Lights on OR off, your daughter might not enjoy being alone in her room for that long of a stretch of time, so she might do better with a few nights of a pushed-back or flexible bedtime where she can spend that time with you (playing a game, working on a puzzle, watching a special show, etc.). Remember that she isn’t having sleep issues and pestering you all night on purpose. This is all deeply unpleasant and stressful for her, so letting her stay up until she’s really ready to fall asleep isn’t “giving in” or “rewarding bad behavior.” It might just be what she needs to get over this rough patch, and bedtime can move back up later.
3. Throw some products at the problem
Melatonin gummies (ask your child’s doctor first), a weighted blanket, and a voice-activated speaker (like an Alexa or Google Home) connected to a Spotify Kids account. We have all three, use all three, love all three.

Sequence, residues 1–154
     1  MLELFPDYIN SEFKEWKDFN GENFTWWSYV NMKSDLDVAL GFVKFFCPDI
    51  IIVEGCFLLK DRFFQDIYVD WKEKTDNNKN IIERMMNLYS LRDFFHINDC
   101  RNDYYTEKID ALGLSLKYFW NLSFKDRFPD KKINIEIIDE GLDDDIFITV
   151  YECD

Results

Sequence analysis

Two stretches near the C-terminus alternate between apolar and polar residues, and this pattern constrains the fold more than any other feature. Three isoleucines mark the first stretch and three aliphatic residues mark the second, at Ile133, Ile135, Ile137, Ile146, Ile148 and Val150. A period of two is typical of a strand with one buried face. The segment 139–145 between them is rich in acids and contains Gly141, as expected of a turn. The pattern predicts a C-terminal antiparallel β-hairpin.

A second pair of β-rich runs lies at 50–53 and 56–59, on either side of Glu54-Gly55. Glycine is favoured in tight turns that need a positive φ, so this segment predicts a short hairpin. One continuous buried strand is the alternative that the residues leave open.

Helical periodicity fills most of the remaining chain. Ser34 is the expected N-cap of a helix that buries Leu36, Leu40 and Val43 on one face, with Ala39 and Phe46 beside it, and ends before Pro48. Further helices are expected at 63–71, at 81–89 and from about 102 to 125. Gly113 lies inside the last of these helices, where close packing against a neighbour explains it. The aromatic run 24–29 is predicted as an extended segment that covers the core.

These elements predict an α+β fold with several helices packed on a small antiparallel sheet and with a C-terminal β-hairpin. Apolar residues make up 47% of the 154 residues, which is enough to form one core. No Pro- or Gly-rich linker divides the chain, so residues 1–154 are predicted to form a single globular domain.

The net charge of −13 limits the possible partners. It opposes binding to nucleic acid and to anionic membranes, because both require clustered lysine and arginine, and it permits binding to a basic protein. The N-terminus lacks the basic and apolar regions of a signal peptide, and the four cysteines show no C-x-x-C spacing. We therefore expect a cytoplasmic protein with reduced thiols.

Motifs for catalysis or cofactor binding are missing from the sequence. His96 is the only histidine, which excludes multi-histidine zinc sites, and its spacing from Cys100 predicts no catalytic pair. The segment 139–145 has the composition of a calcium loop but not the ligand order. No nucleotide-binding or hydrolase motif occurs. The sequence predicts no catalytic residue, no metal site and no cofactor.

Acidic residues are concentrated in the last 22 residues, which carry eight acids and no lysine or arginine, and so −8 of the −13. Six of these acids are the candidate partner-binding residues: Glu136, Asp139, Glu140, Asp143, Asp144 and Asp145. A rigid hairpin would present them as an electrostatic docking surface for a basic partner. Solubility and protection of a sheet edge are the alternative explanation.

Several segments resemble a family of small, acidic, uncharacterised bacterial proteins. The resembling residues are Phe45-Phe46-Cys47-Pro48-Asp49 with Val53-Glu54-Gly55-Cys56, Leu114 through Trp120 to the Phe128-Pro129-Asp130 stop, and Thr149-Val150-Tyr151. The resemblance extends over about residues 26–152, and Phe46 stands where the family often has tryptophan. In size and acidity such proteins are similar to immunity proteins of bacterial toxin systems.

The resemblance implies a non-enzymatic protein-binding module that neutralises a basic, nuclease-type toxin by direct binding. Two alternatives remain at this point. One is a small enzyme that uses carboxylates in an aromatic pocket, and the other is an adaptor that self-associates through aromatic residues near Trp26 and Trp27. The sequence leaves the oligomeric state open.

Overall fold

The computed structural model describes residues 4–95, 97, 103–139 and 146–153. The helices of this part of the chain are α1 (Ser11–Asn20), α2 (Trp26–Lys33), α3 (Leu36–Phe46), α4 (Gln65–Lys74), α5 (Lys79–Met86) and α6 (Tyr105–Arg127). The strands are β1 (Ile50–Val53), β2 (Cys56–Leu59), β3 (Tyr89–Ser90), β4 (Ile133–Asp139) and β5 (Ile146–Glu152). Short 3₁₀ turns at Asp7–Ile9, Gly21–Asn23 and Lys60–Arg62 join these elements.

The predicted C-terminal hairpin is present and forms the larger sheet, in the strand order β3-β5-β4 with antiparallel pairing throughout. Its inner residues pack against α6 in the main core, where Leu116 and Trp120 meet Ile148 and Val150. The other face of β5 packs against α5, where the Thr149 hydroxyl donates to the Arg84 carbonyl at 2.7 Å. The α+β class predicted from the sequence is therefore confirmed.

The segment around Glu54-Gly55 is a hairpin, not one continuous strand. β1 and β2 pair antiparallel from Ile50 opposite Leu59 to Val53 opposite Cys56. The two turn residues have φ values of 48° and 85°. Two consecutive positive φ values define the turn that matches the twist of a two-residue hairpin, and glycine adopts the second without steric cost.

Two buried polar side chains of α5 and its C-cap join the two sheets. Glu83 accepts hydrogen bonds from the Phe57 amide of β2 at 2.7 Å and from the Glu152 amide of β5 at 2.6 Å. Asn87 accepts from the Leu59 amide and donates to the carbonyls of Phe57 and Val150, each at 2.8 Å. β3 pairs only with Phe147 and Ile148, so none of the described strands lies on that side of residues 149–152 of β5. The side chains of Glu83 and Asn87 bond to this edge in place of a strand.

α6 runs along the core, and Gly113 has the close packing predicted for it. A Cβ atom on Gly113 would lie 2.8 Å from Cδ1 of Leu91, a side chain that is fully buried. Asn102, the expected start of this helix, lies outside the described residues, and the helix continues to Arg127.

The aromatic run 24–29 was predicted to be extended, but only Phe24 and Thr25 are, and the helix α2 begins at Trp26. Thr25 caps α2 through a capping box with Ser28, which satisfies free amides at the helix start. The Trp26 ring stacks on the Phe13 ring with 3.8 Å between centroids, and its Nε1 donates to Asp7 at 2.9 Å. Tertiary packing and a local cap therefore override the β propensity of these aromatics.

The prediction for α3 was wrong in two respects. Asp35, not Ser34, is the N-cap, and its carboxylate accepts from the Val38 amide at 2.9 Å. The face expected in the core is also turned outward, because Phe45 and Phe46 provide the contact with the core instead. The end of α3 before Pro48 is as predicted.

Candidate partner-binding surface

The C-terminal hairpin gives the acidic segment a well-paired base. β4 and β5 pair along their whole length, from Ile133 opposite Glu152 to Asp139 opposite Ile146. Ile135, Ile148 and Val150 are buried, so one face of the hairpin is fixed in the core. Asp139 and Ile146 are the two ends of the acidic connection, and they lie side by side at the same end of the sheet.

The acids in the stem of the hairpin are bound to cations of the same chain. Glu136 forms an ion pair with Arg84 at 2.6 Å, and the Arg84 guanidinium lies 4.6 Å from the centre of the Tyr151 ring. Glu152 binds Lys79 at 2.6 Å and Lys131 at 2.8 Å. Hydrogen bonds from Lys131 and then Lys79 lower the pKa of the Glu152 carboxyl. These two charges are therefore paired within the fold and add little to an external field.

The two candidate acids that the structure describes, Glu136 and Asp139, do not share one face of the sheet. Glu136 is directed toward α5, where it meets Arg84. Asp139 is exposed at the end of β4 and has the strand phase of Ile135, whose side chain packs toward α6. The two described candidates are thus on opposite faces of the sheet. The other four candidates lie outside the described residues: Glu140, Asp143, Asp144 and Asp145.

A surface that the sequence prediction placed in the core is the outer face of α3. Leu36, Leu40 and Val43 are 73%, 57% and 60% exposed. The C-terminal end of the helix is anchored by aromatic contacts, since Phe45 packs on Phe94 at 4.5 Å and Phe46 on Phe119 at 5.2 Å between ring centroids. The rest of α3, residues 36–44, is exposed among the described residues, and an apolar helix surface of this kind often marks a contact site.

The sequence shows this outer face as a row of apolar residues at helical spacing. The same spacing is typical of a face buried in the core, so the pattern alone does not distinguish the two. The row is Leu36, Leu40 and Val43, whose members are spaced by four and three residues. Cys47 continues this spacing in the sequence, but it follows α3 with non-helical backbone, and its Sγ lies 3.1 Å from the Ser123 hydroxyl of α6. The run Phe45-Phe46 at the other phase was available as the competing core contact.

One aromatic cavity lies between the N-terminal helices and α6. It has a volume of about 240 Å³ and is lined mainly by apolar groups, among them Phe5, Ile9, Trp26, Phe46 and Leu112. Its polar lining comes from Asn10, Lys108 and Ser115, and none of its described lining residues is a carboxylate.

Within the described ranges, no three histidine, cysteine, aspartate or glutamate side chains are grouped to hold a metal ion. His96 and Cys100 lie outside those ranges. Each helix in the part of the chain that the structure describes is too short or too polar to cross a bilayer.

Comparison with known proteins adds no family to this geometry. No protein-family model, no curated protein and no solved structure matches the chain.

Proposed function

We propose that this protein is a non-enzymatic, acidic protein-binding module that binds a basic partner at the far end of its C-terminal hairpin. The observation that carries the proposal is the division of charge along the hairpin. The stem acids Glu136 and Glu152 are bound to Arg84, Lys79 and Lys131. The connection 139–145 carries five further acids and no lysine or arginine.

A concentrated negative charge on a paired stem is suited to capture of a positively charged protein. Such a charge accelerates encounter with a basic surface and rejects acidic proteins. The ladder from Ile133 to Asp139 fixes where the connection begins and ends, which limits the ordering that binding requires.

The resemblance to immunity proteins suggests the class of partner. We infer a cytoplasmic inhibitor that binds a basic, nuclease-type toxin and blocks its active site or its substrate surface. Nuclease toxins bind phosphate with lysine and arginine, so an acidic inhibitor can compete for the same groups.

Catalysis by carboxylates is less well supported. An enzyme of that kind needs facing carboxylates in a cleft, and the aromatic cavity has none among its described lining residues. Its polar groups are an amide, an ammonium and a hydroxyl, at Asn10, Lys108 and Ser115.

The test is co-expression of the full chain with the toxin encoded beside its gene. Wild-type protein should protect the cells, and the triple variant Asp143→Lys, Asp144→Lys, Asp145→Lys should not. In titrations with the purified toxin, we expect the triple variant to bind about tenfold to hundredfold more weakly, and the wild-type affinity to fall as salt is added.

4. React to waking consistently
I repeat, we’ve been here, and I know firsthand how the constant “I can’t sleeeeeep! I’m still awake!” reports slowly erode your patience throughout the night. And you’re right, it IS like having a toddler again. So you kind of need to put yourself back in sleep-training mode. Obviously you don’t want to act like some cold, unfeeling monster to your child’s distress, but at the same time, you’re ALSO right that jumping out of bed to come find you is only making things worse for everybody here, including her. Sleep can only happen if she stays in bed.
So first, don’t reward the early and initial wakings with cuddles and too much attention. You can absolutely offer sympathy and reassurance, but in like, the tone of your voice using just sentence or two before sending her immediately back to bed. State and repeat the obvious: “Sleep can only happen in your bed. You need to stay in bed for sleep to happen.”